"Wherefore, if God so clothe the grass of the field, which today is, and tomorrow is cast into the oven, shall he not much more clothe you, O ye of little faith?" — Matthew, 6, 30
The people were very poor and there was lack of food, also many were sick and there was none to give them help. But when Harij heard of the suffering of the people he left his cave in the mountains in which he lived the peaceful life of a holy man, and came down to the burning heat of the plains where the people tried to cultivate fields that would have been fertile if the rain had not failed for two successive years.
He had no money to buy provisions for the starving or medicines for the sick, but he understood the nature of herbs, the value of sympathy, as well as practical nursing. So he set about visiting the sick and giving the people advice as to the proper care of themselves and their children. Then he visited the richer houses and begged help for the poor.
There was something very lovable in the old man's manner, so that none could refuse him what he asked. In this way he was able to provide simple meals for the most needy. But his demands became so frequent that the rich people got together and decided that it was not well to keep this good work all in their own hands; better to give others more wealthy than they a chance to share the blessings of this holy man, as well as the satisfaction of taking part in such an admirable form of benevolence. So they sent out the most persuasive talkers in the neighborhood to visit all the wealthy men they could reach, soliciting alms in the name of Harij, the benefactor of the poor.
This good work prospered so well that Harij no longer had need to call for assistance, but could now leave the supply of the necessary provisions to others, whom he selected and organized, instructing each one in his duties. Thus he was able to give more time to the direct care of the sick, who increased in numbers continually, because, though many were cured, more came in from a distance every day, attracted by the fame of this wonderful man. The cures he accomplished were quite natural, but the accounts of them were not only miraculous, they were really at times fabulous. For, "out of the fullness of the heart the mouth speaketh," and the speech of a full heart must not be measured grudgingly.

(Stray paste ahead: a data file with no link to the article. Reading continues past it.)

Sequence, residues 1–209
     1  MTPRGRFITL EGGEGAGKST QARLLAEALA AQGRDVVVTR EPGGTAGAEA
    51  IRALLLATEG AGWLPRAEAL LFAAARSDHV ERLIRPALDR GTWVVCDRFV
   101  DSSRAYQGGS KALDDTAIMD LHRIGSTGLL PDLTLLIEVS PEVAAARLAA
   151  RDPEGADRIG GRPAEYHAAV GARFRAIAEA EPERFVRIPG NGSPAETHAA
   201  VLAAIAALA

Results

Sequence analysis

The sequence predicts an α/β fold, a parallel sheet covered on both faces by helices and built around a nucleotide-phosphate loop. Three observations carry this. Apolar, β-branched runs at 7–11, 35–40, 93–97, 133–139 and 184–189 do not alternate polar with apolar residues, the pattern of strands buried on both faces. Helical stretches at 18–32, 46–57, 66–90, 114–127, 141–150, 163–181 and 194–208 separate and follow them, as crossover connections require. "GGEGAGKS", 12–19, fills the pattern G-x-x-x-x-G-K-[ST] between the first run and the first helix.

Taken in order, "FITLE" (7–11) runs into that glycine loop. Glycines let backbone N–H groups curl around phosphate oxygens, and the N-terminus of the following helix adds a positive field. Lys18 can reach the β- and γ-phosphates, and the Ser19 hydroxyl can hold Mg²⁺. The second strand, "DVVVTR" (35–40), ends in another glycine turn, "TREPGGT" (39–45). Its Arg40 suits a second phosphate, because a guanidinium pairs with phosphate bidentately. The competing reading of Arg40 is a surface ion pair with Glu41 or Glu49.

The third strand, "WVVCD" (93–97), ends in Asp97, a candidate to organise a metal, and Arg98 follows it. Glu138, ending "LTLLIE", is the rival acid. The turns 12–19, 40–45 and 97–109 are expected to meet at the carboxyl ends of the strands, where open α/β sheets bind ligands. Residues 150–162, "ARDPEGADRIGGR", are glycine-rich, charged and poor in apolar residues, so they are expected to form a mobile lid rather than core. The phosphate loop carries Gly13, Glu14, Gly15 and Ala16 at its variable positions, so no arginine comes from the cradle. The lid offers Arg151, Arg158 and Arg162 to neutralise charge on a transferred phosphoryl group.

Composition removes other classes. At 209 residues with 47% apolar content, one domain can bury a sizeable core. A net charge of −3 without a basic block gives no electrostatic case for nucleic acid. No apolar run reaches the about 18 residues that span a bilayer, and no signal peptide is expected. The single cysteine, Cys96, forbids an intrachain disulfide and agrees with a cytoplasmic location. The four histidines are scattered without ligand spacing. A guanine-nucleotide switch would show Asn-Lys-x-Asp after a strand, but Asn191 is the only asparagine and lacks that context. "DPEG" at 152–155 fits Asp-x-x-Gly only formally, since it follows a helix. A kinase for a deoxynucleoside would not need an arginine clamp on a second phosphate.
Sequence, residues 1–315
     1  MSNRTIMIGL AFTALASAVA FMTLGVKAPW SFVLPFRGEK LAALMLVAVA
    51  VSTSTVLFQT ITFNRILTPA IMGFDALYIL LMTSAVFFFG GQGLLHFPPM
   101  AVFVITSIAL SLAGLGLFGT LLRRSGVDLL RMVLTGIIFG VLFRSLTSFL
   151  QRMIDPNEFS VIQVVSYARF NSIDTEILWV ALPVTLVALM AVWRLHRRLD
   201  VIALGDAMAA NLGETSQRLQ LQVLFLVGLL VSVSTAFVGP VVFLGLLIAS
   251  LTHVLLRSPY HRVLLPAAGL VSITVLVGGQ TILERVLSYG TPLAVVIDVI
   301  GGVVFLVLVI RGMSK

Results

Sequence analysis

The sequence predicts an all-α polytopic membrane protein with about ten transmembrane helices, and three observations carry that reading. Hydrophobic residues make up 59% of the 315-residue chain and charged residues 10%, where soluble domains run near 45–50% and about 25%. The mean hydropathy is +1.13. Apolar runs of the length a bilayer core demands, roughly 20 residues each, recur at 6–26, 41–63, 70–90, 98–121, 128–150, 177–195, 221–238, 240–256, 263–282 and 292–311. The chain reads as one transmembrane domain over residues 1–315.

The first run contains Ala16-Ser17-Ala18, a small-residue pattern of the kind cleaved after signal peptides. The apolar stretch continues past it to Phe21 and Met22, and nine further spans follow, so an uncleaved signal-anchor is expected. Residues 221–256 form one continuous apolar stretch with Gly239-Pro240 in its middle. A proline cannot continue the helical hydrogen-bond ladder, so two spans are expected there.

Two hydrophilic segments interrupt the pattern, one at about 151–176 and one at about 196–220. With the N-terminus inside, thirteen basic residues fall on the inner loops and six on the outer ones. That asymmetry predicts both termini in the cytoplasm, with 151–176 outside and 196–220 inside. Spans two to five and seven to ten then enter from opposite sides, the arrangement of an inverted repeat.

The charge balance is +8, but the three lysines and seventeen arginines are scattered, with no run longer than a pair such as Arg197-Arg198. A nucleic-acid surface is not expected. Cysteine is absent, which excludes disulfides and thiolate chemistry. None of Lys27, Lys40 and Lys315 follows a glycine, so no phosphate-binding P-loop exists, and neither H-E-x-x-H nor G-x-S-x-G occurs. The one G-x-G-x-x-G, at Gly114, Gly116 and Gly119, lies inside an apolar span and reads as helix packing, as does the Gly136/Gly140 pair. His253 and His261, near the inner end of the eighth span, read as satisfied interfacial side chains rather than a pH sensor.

Many visitors came to see the place, which had now become famous. The extent of the benevolent work was constantly increasing so that men marveled how it could be carried on with no wealthy patron to support the penniless hermit. Most of these visitors were so affected by his goodness that they voluntarily left gifts when they went away, and talked of what they had seen to all who would listen.
One day came a very learned man, who was said by some to be a very holy man, and by others was reputed to be a master of magic, though he called it science. He was courteously received and escorted over the whole establishment, and before leaving asked permission to speak with the good Harij himself. This was easily arranged, for Harij regarded all duties as equal in merit, though of different degree of urgency. No one was able to understand how it was that he would decide suddenly to leave some apparently urgent duty in order to attend to some obviously trivial matter. These things he would not explain, nor would he give reasons for refusing to see important visitors at one time, and for dropping his work to go and spend an hour talking to a visitor seemingly of no consequence at another. So on this occasion he left the care of a sick man to go and receive this visitor, who was not the kind of person that usually got much attention from the friend of the poor.
Harij fixed his calm deep eyes on the mage, and took his measure inwardly as well as outwardly. He sighed as he did so, but courteously listened, gravely smiling, to the eloquent compliments of the "man of science." What struck the visitor most was the great cost of such a work and the heavy weight of responsibility that a man without a large fortune or the support of wealthy men must feel in carrying on so extensive an undertaking.
"But," he said, "if you had some assured source of supply that you could count on, how much more free you would be to attend to the spiritual needs of all those who look to you for enlightenment and guidance in the performance of virtue."